Comment spammers are the cockroaches of the blogging world: offensive, persistent and not easily controlled.
For those new to blogging, it may help to explain that while email spam is targeted at you or me, comment spam is targeted at Google.
It’s a parasitic activity, aiming to get a better ranking on Google by linking your site to the spammer’s site via the comment. Hence the practice described dramatically as “Google bombing”.
As the WordPress.org Codex explains:
A spammer might have a site that sells a “mydrug” and wants to be at the top of a search for “mydrug” on Google, so to create the effect of a google bomb they leave comments on hundreds or thousands of weblogs linking to their site with the link text “mydrug”. They don’t really care if you see it, in fact they’d rather you didn’t because you would delete it, they just want the search engine to see it when they index your page.
What to do?
If your site is built on WordPress, the first thing to do is to make sure the Akismet plugin is activated.
The Akismet plugin developed and maintained by Automattic, the company behind WordPress, comes supplied with every WordPress installation.
I for one would not be without it. It does a terrific job in keeping this blog, for example, free of spam comments.
But you have to activate it. And for that you need to have an API key. I got my API key from a site I set up on the WordPress-hosted platform at WordPress.com If you don’t have a WordPress.com blog and don’t feel a need for one, you can still get an API key by signing up, at no charge, for a WordPress.com account .
This is a non-trivial issue for any blogger
I just counted in the Akismet spam folder 18 spam comments on the one post I published here yesterday, 5 Things I Look for in a WordPress Theme. A genuine comment was let through as was my reply. All the spam comments had been picked up automatically by Akismet, so they never appeared on the blog. Typically they are illiterate or semi-literate and have little or nothing to do with the blog post in question.
These days, unless I go and look in the spam folder I don’t see many of these “comments”. That’s surely because Akismet learns from the blog owner’s or administrator’s actions as indicating what he or she regards as spam.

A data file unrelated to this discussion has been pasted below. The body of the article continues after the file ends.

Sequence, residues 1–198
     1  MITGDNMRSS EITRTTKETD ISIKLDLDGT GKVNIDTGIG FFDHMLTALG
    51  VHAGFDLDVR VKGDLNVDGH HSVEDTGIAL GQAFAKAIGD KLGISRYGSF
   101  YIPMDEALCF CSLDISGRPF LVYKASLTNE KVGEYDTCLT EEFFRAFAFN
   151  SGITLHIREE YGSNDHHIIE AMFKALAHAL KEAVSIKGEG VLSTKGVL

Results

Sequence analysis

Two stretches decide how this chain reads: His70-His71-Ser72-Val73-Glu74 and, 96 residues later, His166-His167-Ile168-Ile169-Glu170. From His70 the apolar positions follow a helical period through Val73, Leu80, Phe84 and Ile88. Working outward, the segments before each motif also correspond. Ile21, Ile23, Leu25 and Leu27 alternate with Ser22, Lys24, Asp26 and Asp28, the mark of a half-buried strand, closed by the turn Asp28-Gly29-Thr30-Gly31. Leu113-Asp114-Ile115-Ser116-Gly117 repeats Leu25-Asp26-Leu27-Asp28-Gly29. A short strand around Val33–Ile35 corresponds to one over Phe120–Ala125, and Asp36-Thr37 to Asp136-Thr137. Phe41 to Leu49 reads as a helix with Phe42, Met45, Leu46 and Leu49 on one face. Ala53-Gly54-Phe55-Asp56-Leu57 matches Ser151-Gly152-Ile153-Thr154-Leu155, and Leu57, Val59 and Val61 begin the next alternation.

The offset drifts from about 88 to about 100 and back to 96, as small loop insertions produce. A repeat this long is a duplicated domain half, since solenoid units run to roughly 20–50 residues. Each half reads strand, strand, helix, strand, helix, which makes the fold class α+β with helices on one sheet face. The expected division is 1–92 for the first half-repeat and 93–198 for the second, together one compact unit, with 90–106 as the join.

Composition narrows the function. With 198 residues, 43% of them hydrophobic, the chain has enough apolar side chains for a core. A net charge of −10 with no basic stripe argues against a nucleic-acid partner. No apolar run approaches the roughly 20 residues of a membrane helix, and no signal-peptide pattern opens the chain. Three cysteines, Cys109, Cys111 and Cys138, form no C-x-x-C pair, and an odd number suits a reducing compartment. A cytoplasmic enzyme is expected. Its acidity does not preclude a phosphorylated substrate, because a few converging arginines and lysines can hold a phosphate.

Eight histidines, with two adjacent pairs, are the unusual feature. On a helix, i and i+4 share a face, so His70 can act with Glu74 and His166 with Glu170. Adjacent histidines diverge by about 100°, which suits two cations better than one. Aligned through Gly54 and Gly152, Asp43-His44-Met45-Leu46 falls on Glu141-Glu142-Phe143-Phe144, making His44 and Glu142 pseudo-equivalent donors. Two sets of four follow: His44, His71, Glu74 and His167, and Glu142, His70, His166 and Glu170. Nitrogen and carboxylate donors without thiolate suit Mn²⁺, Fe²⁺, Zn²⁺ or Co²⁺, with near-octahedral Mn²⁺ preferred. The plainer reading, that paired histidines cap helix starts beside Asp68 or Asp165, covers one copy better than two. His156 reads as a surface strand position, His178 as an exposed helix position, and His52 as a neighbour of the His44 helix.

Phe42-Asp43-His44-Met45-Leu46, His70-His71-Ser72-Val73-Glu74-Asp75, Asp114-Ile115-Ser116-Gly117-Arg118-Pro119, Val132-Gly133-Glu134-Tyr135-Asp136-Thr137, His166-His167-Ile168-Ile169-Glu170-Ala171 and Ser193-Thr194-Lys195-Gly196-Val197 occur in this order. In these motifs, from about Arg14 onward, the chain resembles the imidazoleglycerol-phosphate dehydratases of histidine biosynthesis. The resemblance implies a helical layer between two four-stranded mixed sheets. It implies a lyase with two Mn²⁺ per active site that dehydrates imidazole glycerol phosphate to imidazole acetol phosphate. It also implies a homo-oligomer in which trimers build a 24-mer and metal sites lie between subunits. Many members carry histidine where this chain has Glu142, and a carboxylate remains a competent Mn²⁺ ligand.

When Akismet is still in the learning phase for your blog, you may see “comments” along the lines of the following examples taken from yesterday’s mini-blitz on the one blog post:
Great post. I used to be checking continuously this blog and I’m impressed! Extremely helpful information specifically the closing section I handle such information much. I was looking for this certain information for a long time. Thanks and best of luck.
Highly interesting post. You consistently publish a absorbing post. Thanks!
Couldn’t have said it better myself.
very cool blog. Plus for the article!
We are a group of volunteers and opening a new scheme in our community. Your web site provided us with valuable information to work on. You’ve done an impressive job and our entire community will likely be grateful to you.
Very interesting topic, regards for putting up.
Really impressed! Everything is very, very clear, open is a description of the problem.It contains the information.I wanted to let you know that I linked to your site with a dofollow links so visitors can come to see your blog.It is all very new to me and this article really opened my eyes,and I guess since I like reading your blog, others will too.You can find the link to your site here:
awesome blog excellent job
It would be funny if it wasn’t such a plague. I see blogs with this sort of comment and wonder if anyone is taking responsibility. It is such a bad look.
As well as having Akismet installed and active, you can moderate the comment stream using the various options provided in your WordPress Dashboard, under Settings -> Discussion.
Do you have any other tips for managing the comment spam issue?
Image credit: Blog with cockroaches photoshopped using the image Cockroach, by masterbutler, via Flickr, CC BY 2.0
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